How to Bridge Generational Divides in the Boardroom

When Anett Grant completed her theater education more than three decades ago, she was encouraged by corporate executives and business groups to start a presentation business. After learning the ins and outs of communication in the corporate world, she soon realized that her background in theater, writing, voice and performance training would help her develop a career in executive coaching, and she eventually started her own business, Executive Speaking Inc. Now, Grant helps clients improve their communication so they can project their leadership.

Explain your “sandwich approach” to connect generational divides in the workplace.
When presenting to their board, or any other diverse audience, leaders must continuously transition from concept to details in bite-size pieces. The key to communicating today’s exploding complexities is not about dumbing it down and minimizing, but rather about elevating and organizing. Before descending into the granular, leaders have to create hierarchies of information — what I call the sandwich approach. For example, some board members just want to know the concept — what kind of a sandwich is it? Then the next group wants to know about the details (the fillings). Then some want to know about the details of the details (condiments). Then some may even want to know about the details of the details of the details (the molecular structure of each ingredient).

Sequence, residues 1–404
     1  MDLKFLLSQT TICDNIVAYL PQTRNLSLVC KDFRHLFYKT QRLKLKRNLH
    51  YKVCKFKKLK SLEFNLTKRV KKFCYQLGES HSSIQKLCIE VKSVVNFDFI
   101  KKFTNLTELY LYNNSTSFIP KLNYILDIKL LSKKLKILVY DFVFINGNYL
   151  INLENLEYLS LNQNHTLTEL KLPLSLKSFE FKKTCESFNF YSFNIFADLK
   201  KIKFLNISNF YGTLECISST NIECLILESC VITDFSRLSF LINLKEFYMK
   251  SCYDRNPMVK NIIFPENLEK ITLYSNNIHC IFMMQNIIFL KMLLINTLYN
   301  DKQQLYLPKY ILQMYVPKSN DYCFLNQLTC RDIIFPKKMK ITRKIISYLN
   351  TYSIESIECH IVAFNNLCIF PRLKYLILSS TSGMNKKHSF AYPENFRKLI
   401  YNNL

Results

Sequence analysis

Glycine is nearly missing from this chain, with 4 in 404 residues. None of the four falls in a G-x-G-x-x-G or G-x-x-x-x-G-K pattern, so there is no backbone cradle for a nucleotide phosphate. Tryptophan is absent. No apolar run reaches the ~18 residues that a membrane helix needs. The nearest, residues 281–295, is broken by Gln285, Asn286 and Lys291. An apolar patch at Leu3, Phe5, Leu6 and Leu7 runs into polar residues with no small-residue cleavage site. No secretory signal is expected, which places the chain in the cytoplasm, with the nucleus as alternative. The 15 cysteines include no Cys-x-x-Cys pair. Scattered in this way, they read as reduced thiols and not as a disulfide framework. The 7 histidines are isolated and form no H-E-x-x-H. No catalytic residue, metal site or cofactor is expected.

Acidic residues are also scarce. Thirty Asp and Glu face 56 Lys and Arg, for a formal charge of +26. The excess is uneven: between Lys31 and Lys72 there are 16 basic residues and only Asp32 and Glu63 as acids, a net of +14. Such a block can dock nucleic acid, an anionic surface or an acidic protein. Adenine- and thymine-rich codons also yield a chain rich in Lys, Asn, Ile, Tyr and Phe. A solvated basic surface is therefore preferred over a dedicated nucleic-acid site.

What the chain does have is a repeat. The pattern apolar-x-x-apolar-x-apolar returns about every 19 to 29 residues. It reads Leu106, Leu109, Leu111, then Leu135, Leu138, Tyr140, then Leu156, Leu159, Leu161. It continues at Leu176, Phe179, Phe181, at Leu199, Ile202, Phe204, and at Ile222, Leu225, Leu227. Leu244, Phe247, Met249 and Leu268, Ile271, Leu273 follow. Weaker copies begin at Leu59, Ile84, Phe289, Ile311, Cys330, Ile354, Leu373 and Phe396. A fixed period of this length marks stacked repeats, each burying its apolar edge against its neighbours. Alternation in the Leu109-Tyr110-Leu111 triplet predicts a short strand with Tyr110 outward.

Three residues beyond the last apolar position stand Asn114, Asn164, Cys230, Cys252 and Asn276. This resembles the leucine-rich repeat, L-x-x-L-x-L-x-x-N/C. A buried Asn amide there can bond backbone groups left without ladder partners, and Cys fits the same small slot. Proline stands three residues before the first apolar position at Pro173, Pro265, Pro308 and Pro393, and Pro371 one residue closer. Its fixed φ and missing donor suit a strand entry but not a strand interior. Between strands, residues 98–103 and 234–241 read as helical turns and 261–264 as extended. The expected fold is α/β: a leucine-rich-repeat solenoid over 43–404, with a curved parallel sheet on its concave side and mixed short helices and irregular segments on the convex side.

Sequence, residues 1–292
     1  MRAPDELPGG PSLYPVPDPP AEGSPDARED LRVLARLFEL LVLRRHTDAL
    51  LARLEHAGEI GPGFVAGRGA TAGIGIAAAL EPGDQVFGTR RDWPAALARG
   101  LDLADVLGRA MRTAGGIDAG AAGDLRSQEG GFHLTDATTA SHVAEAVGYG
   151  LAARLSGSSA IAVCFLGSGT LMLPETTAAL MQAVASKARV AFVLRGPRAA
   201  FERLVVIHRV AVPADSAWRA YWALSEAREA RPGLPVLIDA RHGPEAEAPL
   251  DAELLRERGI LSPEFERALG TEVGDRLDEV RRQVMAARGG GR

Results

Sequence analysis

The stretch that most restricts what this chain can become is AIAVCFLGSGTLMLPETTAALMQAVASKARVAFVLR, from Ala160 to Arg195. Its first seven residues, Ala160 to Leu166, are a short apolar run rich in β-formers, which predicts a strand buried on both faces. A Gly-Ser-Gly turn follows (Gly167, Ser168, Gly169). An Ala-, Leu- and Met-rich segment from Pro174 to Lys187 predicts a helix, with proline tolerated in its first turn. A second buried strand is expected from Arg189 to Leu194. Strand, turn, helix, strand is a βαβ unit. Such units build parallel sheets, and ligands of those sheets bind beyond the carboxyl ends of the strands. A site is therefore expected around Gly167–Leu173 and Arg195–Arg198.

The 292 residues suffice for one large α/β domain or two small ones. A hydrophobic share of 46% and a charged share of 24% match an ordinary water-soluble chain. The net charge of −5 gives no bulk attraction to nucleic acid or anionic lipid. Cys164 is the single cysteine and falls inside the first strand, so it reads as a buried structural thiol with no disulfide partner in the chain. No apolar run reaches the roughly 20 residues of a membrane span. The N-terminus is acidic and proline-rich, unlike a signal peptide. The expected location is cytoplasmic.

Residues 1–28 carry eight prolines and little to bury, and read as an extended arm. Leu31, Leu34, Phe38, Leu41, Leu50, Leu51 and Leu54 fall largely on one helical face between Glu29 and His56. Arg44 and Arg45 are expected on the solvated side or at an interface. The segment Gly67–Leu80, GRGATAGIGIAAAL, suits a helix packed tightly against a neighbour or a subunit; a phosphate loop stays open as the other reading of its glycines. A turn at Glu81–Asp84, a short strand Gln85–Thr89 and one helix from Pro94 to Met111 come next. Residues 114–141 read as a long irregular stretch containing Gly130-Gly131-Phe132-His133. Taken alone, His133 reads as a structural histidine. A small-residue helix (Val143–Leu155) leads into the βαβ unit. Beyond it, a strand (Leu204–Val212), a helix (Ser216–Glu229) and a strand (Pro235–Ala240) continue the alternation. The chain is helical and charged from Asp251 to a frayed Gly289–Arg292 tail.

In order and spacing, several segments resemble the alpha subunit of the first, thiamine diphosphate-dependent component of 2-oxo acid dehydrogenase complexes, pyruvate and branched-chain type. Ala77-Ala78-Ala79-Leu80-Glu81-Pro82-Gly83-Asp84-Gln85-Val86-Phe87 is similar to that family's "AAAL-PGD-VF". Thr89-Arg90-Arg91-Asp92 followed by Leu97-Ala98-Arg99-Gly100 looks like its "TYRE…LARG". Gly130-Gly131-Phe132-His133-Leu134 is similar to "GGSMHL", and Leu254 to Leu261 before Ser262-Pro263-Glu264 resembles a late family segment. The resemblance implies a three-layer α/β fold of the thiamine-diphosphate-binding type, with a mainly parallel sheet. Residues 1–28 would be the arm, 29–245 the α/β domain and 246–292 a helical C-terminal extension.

By implementing the sandwich approach, leaders can keep their diverse board members engaged. The sandwich approach also helps board members feel smart. Champions of the new have to remember the goal of the board meeting is not to present an awesome display of the bright and shining, but a clear business case for decision-making.

What are the biggest challenges for company leaders right now?
One of the biggest challenges leaders face is the ubiquitous nature of their communication — and the speed is only accelerating. Compared to 30 years ago, CEOs and leaders today have to continuously communicate to all levels of their organization, in real time, and in more complex media than ever before — simulcast, YouTube, Skype, etc.— and those communications can change the course of daily operations. The environment for communication has become noisier — there are messages everywhere all the time. To cut through that noise and be immediately compelling is an unprecedented challenge.

Another one of the challenges leaders face is to transmit values and vision globally. Now more than ever, companies see the need to integrate more in cultures where parts of their business like manufacturing or distributing or sales may be located. They must become part of the fabric of those countries, even if the business is headquartered in the U.S. or elsewhere. Company leaders have to engage a global audience, made up of people with multicultural backgrounds. Even with a common language, an English-speaking person from the U.S. is quite different from an English-speaking person from the U.K. or from urban India or rural India. Leaders can’t assume common experiences.